ISLAMABAD-Visitors gathered at the main entrance of the Marghazar Zoo on Saturday where officials had invited people to come and see a one-year-old black bear cub, liberated from a street performer and now being sent to Balkasar Bear Sanctuary.

“This bear cub was captured by a juggler from Margalla Hills who separated it from his mother, cut his teeth, nails and infected his eyes with acid,” a top official from climate change department narrated the story to the children.

He said that the wildlife department of the city and other activists won the case of the bear cub in court. Following the orders, now the cub will be sent to a sanctuary for rehabilitation, he added.

“Why this bear cub could not live here at the zoo?”  Seven-year-old Ahmed whispered to his elder sister, who ignored the question.

The Nation asked the same question to Vaqar Zakaria, Islamabad Wildlife Board Management member and a prominent activist working for decades to save the wildlife at Margalla Hills National Park.

“Because the conditions of this zoo are not satisfactory for this cub,” he replied.

Islamabad Zoo was established in 1978 near Daman-e-Koh for the refuge of wildlife existing at Margalla Hills. But, with its popularity Capital Development Authority (CDA) extended its scope and brought more animals.

Currently, the zoo has 95 animals of 15 species, 850 kinds of birds at the aviary section and 15 reptiles of three species.

Marghazar Zoo situated on 25 acres of land is home to all these wildlife species. However, their condition and facilities provided here depict that the animals are only the showpiece for visitors who come and entertain themselves.

Zoo officials had to chain Kaavan, an elephant whose loneliness after the death of his partner ‘Saheli’ led to deterioration of his mental health, However, it was unchained in the mid of the year after its confinement echoed in the Senate.

A zoo official while talking to The Nation on the condition of anonymity said that proper food and medicines were being provided to animals, adding that there was no other way to control Kaavan but to chain him.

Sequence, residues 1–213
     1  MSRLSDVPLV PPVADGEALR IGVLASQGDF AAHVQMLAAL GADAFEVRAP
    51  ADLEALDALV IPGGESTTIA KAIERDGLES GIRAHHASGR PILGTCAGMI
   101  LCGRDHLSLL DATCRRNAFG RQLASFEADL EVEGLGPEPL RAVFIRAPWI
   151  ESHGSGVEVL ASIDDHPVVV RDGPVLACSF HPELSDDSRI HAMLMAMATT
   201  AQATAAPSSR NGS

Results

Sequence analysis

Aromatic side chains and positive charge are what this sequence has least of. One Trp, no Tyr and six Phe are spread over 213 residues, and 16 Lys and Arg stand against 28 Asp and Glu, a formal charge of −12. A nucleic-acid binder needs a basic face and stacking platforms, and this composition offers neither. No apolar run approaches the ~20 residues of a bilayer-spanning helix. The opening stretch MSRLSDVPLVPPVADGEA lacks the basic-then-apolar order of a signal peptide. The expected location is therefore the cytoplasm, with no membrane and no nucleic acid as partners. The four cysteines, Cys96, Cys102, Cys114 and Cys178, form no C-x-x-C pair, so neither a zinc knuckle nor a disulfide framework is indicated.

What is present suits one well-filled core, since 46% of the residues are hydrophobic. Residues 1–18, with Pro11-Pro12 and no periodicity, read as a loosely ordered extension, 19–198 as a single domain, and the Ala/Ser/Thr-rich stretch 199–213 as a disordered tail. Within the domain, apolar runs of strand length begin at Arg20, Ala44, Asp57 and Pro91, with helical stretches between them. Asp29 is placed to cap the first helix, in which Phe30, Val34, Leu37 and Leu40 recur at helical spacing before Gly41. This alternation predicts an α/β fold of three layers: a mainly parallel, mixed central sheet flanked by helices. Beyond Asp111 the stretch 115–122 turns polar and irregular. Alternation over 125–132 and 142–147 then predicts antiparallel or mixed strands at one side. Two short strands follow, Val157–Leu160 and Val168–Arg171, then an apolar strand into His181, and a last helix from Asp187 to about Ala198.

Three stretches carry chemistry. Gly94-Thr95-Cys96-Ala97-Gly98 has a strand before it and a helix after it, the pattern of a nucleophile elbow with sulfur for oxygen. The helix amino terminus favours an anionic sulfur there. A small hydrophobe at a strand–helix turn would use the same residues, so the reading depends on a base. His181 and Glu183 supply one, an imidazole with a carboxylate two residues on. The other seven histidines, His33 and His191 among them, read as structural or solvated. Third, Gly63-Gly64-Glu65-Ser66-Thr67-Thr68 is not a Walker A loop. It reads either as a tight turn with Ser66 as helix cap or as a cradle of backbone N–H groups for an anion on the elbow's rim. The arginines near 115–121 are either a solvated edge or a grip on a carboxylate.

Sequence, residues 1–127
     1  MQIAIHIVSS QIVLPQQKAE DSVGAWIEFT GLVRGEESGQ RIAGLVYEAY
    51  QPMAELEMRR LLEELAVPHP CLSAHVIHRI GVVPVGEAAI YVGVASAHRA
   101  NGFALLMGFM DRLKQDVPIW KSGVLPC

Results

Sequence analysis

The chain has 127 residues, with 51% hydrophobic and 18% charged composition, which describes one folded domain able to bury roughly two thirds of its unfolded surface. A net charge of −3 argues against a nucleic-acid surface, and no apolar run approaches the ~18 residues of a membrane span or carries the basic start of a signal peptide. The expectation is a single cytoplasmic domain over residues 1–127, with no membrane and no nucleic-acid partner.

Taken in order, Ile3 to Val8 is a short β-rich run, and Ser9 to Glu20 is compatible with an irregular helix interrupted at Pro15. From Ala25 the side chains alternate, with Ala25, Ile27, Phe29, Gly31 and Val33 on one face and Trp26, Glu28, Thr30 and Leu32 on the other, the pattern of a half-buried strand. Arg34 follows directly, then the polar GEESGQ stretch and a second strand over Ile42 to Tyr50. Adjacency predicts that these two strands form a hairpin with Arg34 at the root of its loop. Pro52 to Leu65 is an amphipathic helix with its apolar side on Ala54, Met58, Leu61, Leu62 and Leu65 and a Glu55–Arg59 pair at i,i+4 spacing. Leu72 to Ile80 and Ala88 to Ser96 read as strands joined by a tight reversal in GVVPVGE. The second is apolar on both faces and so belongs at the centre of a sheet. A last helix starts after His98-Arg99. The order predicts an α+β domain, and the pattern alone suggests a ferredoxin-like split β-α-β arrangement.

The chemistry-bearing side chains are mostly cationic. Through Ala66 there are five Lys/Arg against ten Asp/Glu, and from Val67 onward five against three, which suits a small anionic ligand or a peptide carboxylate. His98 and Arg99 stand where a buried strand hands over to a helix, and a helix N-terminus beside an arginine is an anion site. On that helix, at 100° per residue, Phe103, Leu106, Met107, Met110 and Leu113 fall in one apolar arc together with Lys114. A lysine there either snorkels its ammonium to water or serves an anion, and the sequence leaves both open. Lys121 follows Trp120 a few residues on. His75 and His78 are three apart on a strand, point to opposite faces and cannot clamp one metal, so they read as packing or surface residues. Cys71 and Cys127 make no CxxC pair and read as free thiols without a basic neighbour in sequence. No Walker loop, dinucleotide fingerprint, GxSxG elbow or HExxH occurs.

“Elephants are chained even at zoos in Sri Lanka,” he added.

Unclean cages of bears, African lions, zebras, hog deer, monkeys, and blue bulls and ponds of turtles and alligators reflect the lack of interest of administration towards the maintenance of the zoo.

Zakaria said that the condition of animals and the facilities for them at the zoo were not satisfactory because there was no proper plan of the management.

He said PC-1 for the upgradation of the zoo was approved in 2007 but was not implemented.

“Only two or three cages were built after the project announcement,” he added.

He also said that a veterinary hospital and well-trained staff were required to maintain the standards of the zoo. Unavailability of such basic facilities leads to poor standards and ultimately animals suffer.

Non-availability of funds from the government has worsened the situation, Zakaria mentioned.

He further said that Islamabad wildlife department has worked for the arrangement of funds.

He said a plan would be formulated in the next six months, adding that the situation of the zoo and animals would improve in next two years.

Meanwhile, the official also said that allocation of funds for the zoo has always remained an issue.

“Meeting the international standards of zoo maintenance is out of question when there are no standards formulated,” he said.

Issues about animals’ health and their look after will remain until serious measures are taken to design it as a proper zoo according to the needs of the animals, the official said.

Zoos are judged following the ratio of breeding of animals but here we hear the saddening news of animals dying, Zakaria said. 

Unfortunately, we have made wild animals domesticated, he said. It is our responsibility to provide them best environment, he added.